4) Specialized experience and ability in the use of historic hand tools, i.e., broad axe, draw knife, adze.

5) Ability to live and work for extended periods in primitive environments.

Another major consideration is accounting for all materials and inspecting them prior to commencement of work. The list of materials provided in this report is only as complete as early investigations allow; there will likely be additional materials required as the job proceeds.

It is important to note that the most difficult aspect of this job will be matching new work with old. Care must be taken by the craftsperson to match tool marks and detailing so that new work is as similar as possible with the historic appearance of original work.

4. Material List & Cost Estimate

Timbers, Full Dimension Spruce, Rough Sawn

1) 4 1/2" x 18" x 12'25 Roof Planks
2) 3" x 12" x 10'37 Floor Planks (transverse)
3) 9" x 18" x 168 Wall Timbers
4) 9" x 18" x 22'1 Floor Plank (longitudinal)
5) 2" x 4" x 129 Misc. Window Sash, etc.

Pressure Treated (CCA) (Chromated Copper Arsenate) Select Structural (No. 1), Douglas Fir, Full Dimension, Rough Cut Labeled (LP-22 Ground Contact 40).

6) 6" x 6" x 8'10 Sleepers for Floor
7) 10" x 10" x 8'9 Footing Timbers
8) 8" x 12" x 8'9 Sill Logs

Galvanized Steel Corrugated Roofing, 22 Gauge, Corrugation Spacing 2-5/8" ± Center with 32" Coverage Min.

9) 8' Panel18 eachRoof
10) 3' Panels18 eachRoof
11) 20" Wide Roof Cap24 Lin. FeetRoof Ridge
12) 6" x 8' Perforated PVC Drain Tile8 eachFor Foundation Drain
13) 6" Perforated PVC Drain Tile 90°1 eachFor Foundation Drain
14) 5" Galvanized Spikes50 lbs.For Floor & Roof Planks
15) 7" Galvanized50 lbs.For Walls
16) 16d Duplex Nails10 lbs.For Temporary Work
17) Roofing Nails 8d w/Neopren Washers50 lbs.For Corrugated Roofing
18) 8' x 1/2" Dia. Galvanized Steel Rods or Copper Electric Grounding Rods4 eachFor Drift Pins
19) Vinegar5 GallonsFor Etching Corrugated Roof
20) Roof Jack for 6" Dia. Single Wall Stove Pipe1 each
21) 6" Dia. Stove Pipe Rain Cap1 each
22) 6" Dia. Single Stove Pipe in 3' Sections4 each
23) Paint, Benjamin Moore, Semi-Gloss Alkyd House Paint Brown (FST 1)5 Gallons
24) 12 Ton Capacity Screw Jack as per GSA Catalog 5120-00-224-752220 each
25) 6ML Plastic Sheet Type I, GSA Catalog 8135-00-5790-6489 12 x 1001 roll

Estimated cost of this material delivered on site is: $8,000.00.

Estimated cost of labor to install recommended treatment: $12,000.00

5. Alternative Treatments

These alternatives take into consideration the fact that funds may not be available for the recommended treatment.

a. No Further Treatment: This alternative would result in further water damage and deterioration of Fure's Cabin from Katmai's severe weather conditions. Routine maintenance would continue. (This alternative is not recommended.)

b. Exterior Preservation Treatments Only: This alternative would include all essential work recommended for the exterior of the building—all roof work, replacement of deteriorated walls, sills and repair of windows and door. Routine maintenance would continue. (This alternative is not recommended because the only interior work left would be the floor, and it would have to be removed to replace sill logs.

c. Interior Adaptive Use Treatment Only: This alternative would include only floor plank replacement and would not fully stabilize deterioration of historic fabric. (This alternative is not recommended.)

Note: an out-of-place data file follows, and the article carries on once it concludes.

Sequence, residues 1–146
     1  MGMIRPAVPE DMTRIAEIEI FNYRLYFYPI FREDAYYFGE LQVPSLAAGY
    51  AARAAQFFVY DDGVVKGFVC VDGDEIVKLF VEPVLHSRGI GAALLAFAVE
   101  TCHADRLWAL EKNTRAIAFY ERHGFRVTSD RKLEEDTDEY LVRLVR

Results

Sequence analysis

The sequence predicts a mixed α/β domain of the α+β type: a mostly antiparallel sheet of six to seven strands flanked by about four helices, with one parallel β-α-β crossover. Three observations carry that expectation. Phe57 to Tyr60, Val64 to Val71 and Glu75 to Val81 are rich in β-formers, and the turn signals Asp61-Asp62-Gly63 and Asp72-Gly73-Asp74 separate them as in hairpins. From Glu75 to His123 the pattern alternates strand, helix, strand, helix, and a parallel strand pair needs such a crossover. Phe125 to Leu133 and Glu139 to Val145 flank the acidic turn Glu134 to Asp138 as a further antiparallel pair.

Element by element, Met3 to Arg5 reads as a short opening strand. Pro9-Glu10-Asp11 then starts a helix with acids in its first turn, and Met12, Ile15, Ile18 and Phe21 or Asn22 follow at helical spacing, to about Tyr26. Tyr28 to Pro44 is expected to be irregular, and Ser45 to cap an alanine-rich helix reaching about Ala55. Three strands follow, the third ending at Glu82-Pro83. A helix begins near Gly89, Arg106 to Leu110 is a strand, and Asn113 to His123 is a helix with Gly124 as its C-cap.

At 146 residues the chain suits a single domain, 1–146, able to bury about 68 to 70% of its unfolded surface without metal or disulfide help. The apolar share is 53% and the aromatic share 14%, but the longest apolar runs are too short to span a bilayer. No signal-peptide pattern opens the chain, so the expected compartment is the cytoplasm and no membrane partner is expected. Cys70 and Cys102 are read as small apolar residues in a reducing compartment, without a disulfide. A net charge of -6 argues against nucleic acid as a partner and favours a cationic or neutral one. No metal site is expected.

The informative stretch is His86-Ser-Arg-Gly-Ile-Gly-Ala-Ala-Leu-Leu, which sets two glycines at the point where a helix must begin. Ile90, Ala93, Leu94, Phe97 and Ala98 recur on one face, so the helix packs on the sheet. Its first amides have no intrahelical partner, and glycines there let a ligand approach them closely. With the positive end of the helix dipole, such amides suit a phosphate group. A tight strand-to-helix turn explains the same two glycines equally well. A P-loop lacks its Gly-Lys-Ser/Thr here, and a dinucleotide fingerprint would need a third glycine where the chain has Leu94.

Of all the alternative treatments, "b" is the preferred treatment because if these items were accomplished, the structure would be effectively stabilized from deterioration.

6. Evaluation of Effect of the Recommended Treatment

a. Discussion

The following determination of effect of the recommended treatments is made in accordance with section 800.4(b) of the Advisory Council on Historic Preservation regulations, "Protection of Historic and Cultural Properties." The council's criteria reads as follows:

A federal, federally assisted, or federally licensed undertaking shall be considered to have an effect on a National Register property eligible for inclusion in the National Register (districts, sites, buildings, structures, and objects, including their settings) when any condition of the undertaking causes or may cause any change, beneficial or adverse, in the quality of the historical, architectural, archeological, or cultural character that qualifies the property under the National Register Criteria.

Fure's Cabin, as explained earlier in this report is currently being nominated to the National Register of Historic Places. The architectural and historical qualities described in the National Register Nomination are briefly outlined in the following statements to be used in applying the criteria of effect.

1) Fure's Cabin reflects a unusually high level of craftsmanship and gives evidence of early non-native Alaskan life style.

2) Overall dimensions of the cabin are consistent.

3) All logs used in construction of the cabin were hand hewn to a rectangular shape.

4) Dovetail joinery was used at all four corners of the structure and carefully detailed for a tight fit.

b. Evaluation of Effect

1) No Effect: Recommended treatments having no effect on the qualities of Fure's Cabin that qualify it for individual nomination to the National Register are as follows:

a) Removal of all furnishings and wall coverings to be stored elsewhere in accordance with the NPS Manual for Museum Standards and the Katmai Collection Preservation Guide recommendations.

2) No Adverse Effect: Recommended treatments that are considered as having an overall beneficial effect on Fure's Cabin are as follows:

a) All replacement of rotted roof, floor and wall timbers with new material insuring that as much historic fabric as possible is retained even if higher labor cost is incurred.

b) Removal of encroaching vegetation.

c) Application of paint to log ends.

d) Repair and reconstruction of windows.

e) Replacement of deteriorated roof sheathing.

3) Adverse Effect: Recommended treatments that are considered as having an adverse effect on the qualities of Fure's Cabin that qualify it for individual nomination to the National Register of Historic Places are as follows:

a) No Adverse Effect is anticipated from treatments recommended in this report.

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Last Updated: 26-Mar-2008